The Amplifier:

Amplifiers also have a scary page of strange numbers and symbols. the two key specs of an amp are its signal to noise ratio and its power.

  • Power, is the measurement, in watts, that the amplifier can provide a speaker. If the speaker have a  power rating of 50w rms, and the amplifier has an output of 10w rms, the amp may struggle to provide a high volume from that speaker. So you will turn it up more…this will cause distortion and you risk blowing your precious new boxes of sound, so choose amplifiers with a similar or higher power output. (amplifiers with a much higher output will very easily drive the speakers, however turning them up can very easily damage the speakers).
  • Signal to Noise ratio….or S/N means how much of the sound coming out the amp is music in comparison to hissing. All amplifiers make a teeny bit of noise, but it is usually too quiet to hear over the music…UNLESS the signal to noise ratio is low, then you may hear hissing on come tracks or quiet parts in songs. Number crunching… 70dB is typically a very low(cheap) S/N ration, whilst slightly more expensive units will achieve closer to 90dB.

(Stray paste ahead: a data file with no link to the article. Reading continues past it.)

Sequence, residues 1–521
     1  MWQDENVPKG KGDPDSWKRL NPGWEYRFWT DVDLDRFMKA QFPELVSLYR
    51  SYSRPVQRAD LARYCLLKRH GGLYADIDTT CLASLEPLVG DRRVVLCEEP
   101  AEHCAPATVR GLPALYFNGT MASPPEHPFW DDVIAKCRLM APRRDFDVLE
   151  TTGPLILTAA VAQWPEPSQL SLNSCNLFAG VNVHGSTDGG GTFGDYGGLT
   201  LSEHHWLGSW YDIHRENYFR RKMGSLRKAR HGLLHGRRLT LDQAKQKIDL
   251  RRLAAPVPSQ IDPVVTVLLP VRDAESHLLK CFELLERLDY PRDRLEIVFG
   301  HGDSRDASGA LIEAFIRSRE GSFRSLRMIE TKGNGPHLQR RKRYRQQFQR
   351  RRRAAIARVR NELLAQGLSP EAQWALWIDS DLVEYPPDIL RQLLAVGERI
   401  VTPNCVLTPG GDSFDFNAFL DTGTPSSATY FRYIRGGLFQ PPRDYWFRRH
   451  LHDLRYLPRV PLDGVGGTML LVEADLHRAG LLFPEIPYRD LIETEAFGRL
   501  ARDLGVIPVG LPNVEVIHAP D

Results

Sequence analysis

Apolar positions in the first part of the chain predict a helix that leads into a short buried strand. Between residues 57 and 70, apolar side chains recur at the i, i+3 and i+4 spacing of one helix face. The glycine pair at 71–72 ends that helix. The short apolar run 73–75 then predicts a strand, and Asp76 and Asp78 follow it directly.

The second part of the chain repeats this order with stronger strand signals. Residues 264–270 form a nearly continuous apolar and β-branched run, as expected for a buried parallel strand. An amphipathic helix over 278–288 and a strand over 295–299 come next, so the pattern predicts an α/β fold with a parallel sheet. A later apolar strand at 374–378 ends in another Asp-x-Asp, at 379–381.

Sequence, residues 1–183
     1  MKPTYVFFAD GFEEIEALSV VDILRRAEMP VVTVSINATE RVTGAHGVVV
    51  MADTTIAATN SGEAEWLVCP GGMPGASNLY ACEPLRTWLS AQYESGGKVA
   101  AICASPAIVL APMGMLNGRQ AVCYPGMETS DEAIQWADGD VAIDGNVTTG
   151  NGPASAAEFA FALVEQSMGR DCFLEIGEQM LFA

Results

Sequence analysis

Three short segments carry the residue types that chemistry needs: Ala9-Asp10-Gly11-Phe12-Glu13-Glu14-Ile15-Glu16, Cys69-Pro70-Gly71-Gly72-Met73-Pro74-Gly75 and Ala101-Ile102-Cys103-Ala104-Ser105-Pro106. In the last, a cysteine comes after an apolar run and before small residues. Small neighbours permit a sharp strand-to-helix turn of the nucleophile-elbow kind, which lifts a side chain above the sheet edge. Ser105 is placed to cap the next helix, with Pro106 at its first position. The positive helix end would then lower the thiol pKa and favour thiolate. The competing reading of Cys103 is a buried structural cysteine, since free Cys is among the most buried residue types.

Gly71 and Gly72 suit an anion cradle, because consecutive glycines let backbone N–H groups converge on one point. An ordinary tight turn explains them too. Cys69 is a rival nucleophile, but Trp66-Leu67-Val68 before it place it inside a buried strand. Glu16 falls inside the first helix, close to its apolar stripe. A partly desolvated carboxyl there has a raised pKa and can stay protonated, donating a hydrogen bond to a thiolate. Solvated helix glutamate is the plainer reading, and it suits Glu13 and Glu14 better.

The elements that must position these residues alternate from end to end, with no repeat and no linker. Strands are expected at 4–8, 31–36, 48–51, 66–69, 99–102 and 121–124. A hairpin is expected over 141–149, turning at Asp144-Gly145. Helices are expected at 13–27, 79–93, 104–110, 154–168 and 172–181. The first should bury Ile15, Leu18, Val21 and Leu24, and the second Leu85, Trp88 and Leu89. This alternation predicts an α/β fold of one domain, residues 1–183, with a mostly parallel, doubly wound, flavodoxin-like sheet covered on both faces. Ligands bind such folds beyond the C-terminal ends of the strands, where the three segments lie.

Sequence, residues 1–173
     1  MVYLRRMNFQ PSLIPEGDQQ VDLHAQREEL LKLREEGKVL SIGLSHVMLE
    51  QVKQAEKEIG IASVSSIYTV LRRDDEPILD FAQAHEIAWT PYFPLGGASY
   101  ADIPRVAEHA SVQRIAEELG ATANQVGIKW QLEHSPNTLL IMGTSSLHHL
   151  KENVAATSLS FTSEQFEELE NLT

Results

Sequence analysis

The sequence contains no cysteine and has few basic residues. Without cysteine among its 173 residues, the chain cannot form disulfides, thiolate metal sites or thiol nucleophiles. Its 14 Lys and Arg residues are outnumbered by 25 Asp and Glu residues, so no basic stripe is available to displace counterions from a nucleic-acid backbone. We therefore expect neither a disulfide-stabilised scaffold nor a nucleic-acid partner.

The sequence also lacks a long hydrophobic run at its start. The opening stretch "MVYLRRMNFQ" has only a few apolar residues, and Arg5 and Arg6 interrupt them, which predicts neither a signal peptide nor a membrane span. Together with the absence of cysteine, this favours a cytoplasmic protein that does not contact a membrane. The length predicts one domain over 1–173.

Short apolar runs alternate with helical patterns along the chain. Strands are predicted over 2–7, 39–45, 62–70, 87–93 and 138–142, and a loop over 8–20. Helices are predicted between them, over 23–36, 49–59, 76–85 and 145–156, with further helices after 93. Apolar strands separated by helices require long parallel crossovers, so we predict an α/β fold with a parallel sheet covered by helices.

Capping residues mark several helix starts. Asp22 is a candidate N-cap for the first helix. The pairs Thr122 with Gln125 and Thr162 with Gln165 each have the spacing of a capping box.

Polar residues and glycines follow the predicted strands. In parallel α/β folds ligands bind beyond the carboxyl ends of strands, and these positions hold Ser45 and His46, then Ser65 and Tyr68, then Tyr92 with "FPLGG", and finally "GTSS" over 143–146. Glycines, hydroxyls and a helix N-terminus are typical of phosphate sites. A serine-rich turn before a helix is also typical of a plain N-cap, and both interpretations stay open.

Surround Sound at home

I recently went over to a friend’s house to view the new home cinema system the family had bought. It was time for a film. With the curtains drawn and the lights off, ‘Batman: The dark knight’ was fired up in the dvd player and everything was set into motion. As the explosions, car chases and satanic voices filled the room however, something was not right. all the voices seemed to be coming from my right, and anything slightly boomy managed to rattle everything in the room! I began to scan the room to see where the speakers where placed and it all started to make sense. The speakers had been crammed into the most awkward and alarming places! So I decided to investigate…

 

A 5.1 surround sound system comprises of 5 speakers and a sub-woofer. The 5 speakers are designed to handle the mid and high frequencies whilst all of the low frequency material such as explosions is sent to the sub-woofer.

The 5 channels…